A Different Kind of Toy Story

I was awakened this morning as my box was jostled out of the corner. Could this be the day? I noticed that I was piled on a cart with a lot of other toys so all indications were a resounding “Yes”. The van we were loaded into pulled up to the Kalahari Conference Center. Something secret must be going on…they just placed a blanket over the cart. This is it, they just handed me to an eager…wait…adult??? Hey why are they taking me apart? What’s happening here? (to be continued…)

Ahh, CodeMash. For the last ten years,  developers have descended on the Kalahari in Sandusky, Ohio in the dead of winter. What better way to beat the winter blues that to go to a water park when it’s freezing cold outside? Developers attend sessions covering every modern development stack, soft skills and even sessions on building hardware hacks.

But the great content doesn’t end at the end of the day. Evening activities provide ample opportunities to network and learn new stuff. It could range from playing board games to jamming with a few fellow musicians. It might be finding time to get on the 3D printers to going to the pool.

This year, we did something different. At CodeMash, it’s always about “by the community…for the community.” Our mission at Microsoft is to “Empower every person and every organization on the planet to achieve more.” This year, Microsoft partnered with some students from the Ohio State University to put on a workshop for attendees to rebuild toys for children with disabilities.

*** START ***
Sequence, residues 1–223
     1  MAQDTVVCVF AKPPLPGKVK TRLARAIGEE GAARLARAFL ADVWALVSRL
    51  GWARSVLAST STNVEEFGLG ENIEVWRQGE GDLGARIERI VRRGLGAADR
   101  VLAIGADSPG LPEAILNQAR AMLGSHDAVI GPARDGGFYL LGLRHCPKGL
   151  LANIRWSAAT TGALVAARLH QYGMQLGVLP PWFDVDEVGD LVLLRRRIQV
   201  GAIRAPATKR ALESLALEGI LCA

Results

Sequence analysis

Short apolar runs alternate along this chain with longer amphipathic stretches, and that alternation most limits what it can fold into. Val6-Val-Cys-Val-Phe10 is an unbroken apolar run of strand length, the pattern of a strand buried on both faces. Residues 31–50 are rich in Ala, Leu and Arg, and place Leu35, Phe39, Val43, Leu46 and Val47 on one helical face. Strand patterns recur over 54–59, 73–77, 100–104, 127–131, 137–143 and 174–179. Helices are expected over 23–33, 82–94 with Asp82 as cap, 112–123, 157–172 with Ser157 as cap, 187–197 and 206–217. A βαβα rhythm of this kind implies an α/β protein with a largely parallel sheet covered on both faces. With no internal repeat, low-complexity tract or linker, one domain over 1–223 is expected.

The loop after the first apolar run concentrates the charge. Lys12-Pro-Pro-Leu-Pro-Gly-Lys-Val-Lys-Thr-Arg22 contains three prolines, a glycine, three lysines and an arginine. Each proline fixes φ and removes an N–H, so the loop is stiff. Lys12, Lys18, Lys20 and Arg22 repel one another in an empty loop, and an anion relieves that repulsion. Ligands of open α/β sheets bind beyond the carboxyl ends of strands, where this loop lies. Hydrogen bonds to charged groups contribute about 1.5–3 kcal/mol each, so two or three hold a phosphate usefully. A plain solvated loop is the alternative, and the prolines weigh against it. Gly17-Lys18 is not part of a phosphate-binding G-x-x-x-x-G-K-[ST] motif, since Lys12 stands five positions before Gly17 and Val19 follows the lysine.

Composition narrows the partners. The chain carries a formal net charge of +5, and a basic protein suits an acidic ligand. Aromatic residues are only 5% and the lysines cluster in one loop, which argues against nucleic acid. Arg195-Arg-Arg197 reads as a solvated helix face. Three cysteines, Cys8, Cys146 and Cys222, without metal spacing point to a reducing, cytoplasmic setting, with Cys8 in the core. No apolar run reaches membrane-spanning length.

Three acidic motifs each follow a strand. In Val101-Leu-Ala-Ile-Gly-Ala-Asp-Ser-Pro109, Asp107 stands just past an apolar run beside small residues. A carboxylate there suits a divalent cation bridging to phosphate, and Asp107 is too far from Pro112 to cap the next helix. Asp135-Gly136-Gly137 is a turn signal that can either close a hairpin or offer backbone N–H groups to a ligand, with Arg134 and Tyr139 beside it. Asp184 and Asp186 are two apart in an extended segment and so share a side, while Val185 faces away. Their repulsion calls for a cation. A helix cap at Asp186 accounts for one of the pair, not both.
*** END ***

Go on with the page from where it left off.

More than 150 people showed up to alter the “off-the-shelf” electronic toys. The process starts by carefully unboxing the toy so that later it can be repackaged like new. Next, there is playing with the toy long enough to find the main trigger of activity. At this point, the toy is carefully disassembled to find the electronics or buttons that trigger the activity. Once these components are found, a single wire is used to probe the circuit to find the part of the circuit to be “bridged” with an electronic adapter. Once the bridge is located, a standard adapter is soldered in place and tested. The toy is then reassembled and repackaged to be given to a child with needs.

On this cold night in January, the CodeMash group was able to rebuild more than 60 toys to be donated to Katelyn’s Kloset. This 501(c)3 organization provides a library of adapted toys for interactive play and modified power wheels devices for mobility to hundreds of children across Central Ohio. Our gift to them was able to help them get play adapted toys into the hands of more than 25 families.

This morning, the laughter and giggles caught my attention as I peered out from behind the other toys. It was when the volunteer picked me up and plugged in the capability switch that I learned I was to be a special toy for a very special child. When Elliot pressed  his special button, I lit up like a string of lights…but his face lit up like the Sun. I was sure he had found a friend in me.